The world's first wiki where authorship really matters (Nature Genetics, 2008). Due credit and reputation for authors. Imagine a global collaborative knowledge base for original thoughts. Search thousands of articles and collaborate with scientists around the globe.

wikigene or wiki gene protein drug chemical gene disease author authorship tracking collaborative publishing evolutionary knowledge reputation system wiki2.0 global collaboration genes proteins drugs chemicals diseases compound
Hoffmann, R. A wiki for the life sciences where authorship matters. Nature Genetics (2008)

Analysis of capsid formation of human polyomavirus JC (Tokyo-1 strain) by a eukaryotic expression system: splicing of late RNAs, translation and nuclear transport of major capsid protein VP1, and capsid assembly.

Human polyomavirus JC (JCV) can encode the three capsid proteins VP1, VP2, and VP3, downstream of the agnoprotein in the late region. JCV virions are identified in the nucleus of infected cells. In this study, we have elucidated unique features of JCV capsid formation by using a eukaryotic expression system. Structures of JCV polycistronic late RNAs ( M1 to M4 and possibly M5 and M6) generated by alternative splicing were determined. VP1 would be synthesized from M2 RNA, and VP2 and VP3 would be synthesized from M1 RNA. The presence of the open reading frame of the agnoprotein or the leader sequence (nucleotides 275 to 409) can decrease the expression level of VP1. VP1 was efficiently transported to the nucleus in the presence of VP2 and VP3 but distributed both in the cytoplasm and in the nucleus in their absence. Mutation analysis indicated that inefficiency in nuclear transport of VP1 is due to the unique structure in the N-terminal sequence, KRKGERK. Within the nucleus, VP1 was localized discretely and identified as speckles in the presence of VP2 and VP3 but distributed diffusely in their absence. These results suggest that VP1 was efficiently transported to the nucleus and localized in the discrete subnuclear regions, possibly with VP2 and VP3. By electron microscopy, recombinant virus particles were identified in the nucleus, and their intranuclear distribution was consistent with distribution of speckles. This system provides a useful model with which to understand JCV capsid formation and the structures and functions of the JCV capsid proteins.[1]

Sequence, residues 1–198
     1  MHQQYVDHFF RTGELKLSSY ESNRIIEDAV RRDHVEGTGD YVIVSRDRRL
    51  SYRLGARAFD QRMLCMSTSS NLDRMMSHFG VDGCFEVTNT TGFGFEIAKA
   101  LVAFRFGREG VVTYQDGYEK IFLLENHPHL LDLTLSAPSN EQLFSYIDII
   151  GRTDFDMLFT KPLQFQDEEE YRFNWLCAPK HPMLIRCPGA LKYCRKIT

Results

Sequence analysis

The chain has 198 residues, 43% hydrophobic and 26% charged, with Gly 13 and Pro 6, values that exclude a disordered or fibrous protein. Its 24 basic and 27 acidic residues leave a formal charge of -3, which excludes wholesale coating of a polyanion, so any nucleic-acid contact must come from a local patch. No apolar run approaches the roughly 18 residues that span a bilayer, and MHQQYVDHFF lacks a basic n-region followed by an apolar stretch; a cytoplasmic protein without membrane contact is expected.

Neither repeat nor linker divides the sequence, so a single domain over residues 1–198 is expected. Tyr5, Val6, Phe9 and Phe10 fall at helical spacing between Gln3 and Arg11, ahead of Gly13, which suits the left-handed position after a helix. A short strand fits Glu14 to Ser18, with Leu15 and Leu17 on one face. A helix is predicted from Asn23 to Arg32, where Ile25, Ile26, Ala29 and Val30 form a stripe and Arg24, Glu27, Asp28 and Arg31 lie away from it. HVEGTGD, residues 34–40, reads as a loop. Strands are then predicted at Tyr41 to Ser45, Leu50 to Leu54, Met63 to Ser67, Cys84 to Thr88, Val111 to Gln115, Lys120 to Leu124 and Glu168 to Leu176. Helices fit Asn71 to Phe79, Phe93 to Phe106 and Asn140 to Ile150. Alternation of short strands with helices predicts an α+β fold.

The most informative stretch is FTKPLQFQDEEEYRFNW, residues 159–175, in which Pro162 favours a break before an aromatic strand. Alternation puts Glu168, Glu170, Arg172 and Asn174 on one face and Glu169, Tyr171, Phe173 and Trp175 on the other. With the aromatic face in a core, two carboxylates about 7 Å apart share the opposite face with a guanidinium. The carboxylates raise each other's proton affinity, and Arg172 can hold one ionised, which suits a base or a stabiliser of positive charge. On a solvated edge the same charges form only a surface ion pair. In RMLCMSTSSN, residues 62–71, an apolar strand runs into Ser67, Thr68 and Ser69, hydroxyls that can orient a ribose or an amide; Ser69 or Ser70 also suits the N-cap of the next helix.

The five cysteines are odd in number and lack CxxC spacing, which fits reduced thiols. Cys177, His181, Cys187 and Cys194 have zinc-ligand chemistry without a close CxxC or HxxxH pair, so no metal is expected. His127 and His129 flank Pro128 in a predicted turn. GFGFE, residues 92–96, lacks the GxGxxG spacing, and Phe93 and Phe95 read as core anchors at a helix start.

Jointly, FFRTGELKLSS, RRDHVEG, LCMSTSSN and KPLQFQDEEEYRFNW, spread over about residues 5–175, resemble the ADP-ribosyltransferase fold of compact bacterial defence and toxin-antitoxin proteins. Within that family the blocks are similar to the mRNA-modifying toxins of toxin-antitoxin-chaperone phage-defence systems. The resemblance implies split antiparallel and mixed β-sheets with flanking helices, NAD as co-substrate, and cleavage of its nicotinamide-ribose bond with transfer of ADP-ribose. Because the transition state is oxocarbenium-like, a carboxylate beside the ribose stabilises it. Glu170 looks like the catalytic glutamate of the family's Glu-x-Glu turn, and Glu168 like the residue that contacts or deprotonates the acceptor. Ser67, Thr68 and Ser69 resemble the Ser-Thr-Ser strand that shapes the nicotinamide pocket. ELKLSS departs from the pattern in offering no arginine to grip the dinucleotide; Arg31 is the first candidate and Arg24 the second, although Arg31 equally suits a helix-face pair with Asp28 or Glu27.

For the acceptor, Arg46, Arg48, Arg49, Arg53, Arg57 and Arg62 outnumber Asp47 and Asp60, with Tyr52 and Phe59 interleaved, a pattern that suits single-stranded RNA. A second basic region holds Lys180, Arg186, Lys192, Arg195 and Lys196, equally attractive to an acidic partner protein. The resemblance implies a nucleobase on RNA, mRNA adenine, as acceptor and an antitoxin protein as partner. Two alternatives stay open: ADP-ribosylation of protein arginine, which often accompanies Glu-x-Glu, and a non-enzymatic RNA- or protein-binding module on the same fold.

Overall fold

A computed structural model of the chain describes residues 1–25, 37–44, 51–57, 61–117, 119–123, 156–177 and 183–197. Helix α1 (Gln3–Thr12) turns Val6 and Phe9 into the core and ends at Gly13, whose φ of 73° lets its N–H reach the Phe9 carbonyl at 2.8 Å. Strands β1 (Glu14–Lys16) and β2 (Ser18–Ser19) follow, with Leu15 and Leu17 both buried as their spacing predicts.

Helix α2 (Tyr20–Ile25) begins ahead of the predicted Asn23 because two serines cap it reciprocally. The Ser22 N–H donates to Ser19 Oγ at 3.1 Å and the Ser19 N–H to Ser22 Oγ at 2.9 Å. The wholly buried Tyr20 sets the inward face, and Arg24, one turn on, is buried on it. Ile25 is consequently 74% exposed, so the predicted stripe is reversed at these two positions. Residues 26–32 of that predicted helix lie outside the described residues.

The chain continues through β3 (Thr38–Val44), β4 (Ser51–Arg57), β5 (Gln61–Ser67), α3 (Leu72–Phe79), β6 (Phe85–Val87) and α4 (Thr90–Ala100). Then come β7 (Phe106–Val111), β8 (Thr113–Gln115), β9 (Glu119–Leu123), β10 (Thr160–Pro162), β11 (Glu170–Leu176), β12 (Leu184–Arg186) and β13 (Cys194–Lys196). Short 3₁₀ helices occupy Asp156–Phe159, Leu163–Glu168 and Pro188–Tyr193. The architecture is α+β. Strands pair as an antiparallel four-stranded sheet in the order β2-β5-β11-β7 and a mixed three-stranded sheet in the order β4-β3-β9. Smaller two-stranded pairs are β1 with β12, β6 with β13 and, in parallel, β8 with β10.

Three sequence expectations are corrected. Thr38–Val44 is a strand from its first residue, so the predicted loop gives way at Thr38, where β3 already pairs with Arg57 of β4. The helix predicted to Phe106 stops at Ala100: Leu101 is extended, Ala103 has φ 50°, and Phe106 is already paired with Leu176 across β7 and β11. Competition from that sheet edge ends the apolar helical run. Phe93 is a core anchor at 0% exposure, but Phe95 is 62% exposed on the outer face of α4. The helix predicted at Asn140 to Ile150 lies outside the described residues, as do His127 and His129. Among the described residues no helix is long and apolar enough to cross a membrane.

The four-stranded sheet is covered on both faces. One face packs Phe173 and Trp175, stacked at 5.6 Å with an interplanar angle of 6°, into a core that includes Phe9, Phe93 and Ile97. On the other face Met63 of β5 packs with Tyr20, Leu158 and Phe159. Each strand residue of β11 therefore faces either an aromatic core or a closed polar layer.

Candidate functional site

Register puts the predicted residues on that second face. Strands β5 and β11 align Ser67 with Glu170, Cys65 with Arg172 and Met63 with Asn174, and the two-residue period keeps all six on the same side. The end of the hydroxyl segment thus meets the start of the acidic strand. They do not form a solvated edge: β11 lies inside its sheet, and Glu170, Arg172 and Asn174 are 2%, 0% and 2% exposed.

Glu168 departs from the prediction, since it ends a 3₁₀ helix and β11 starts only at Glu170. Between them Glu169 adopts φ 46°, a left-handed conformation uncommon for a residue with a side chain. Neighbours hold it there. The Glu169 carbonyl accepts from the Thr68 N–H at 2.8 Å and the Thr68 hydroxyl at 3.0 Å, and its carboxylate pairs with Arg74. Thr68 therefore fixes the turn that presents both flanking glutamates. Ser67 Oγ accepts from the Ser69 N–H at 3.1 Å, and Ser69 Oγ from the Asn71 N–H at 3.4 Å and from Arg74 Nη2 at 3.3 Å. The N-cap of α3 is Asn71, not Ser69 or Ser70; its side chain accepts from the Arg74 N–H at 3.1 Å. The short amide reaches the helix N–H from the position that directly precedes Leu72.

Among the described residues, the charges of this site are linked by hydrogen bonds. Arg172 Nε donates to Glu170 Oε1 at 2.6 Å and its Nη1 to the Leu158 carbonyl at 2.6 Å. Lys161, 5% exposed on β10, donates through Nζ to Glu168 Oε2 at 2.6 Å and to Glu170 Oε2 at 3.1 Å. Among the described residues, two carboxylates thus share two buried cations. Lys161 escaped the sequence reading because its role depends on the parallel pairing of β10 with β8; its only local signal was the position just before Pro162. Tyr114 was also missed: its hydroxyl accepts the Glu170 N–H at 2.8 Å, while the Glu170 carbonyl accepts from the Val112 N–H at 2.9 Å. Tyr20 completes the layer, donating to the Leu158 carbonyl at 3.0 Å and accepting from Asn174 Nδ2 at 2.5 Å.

WikiGenes - Universities